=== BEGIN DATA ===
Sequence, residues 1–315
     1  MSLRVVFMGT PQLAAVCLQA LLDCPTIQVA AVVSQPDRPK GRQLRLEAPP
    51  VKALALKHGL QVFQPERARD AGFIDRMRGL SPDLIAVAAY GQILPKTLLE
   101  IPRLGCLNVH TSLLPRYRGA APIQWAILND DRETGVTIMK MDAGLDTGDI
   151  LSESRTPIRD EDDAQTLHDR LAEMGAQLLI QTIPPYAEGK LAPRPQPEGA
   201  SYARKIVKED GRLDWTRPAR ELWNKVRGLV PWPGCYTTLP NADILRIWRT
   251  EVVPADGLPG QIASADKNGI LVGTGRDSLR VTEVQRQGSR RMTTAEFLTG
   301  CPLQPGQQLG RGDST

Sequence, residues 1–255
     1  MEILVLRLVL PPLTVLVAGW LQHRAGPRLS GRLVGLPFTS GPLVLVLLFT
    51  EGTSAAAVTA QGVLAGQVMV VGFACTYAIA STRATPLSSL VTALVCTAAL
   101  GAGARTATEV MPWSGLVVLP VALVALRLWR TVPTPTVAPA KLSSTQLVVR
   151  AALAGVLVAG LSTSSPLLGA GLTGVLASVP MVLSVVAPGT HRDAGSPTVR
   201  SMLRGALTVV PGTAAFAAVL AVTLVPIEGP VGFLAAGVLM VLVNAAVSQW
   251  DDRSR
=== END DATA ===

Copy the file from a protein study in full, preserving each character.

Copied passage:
Sequence, residues 1–315
     1  MSLRVVFMGT PQLAAVCLQA LLDCPTIQVA AVVSQPDRPK GRQLRLEAPP
    51  VKALALKHGL QVFQPERARD AGFIDRMRGL SPDLIAVAAY GQILPKTLLE
   101  IPRLGCLNVH TSLLPRYRGA APIQWAILND DRETGVTIMK MDAGLDTGDI
   151  LSESRTPIRD EDDAQTLHDR LAEMGAQLLI QTIPPYAEGK LAPRPQPEGA
   201  SYARKIVKED GRLDWTRPAR ELWNKVRGLV PWPGCYTTLP NADILRIWRT
   251  EVVPADGLPG QIASADKNGI LVGTGRDSLR VTEVQRQGSR RMTTAEFLTG
   301  CPLQPGQQLG RGDST

Sequence, residues 1–255
     1  MEILVLRLVL PPLTVLVAGW LQHRAGPRLS GRLVGLPFTS GPLVLVLLFT
    51  EGTSAAAVTA QGVLAGQVMV VGFACTYAIA STRATPLSSL VTALVCTAAL
   101  GAGARTATEV MPWSGLVVLP VALVALRLWR TVPTPTVAPA KLSSTQLVVR
   151  AALAGVLVAG LSTSSPLLGA GLTGVLASVP MVLSVVAPGT HRDAGSPTVR
   201  SMLRGALTVV PGTAAFAAVL AVTLVPIEGP VGFLAAGVLM VLVNAAVSQW
   251  DDRSR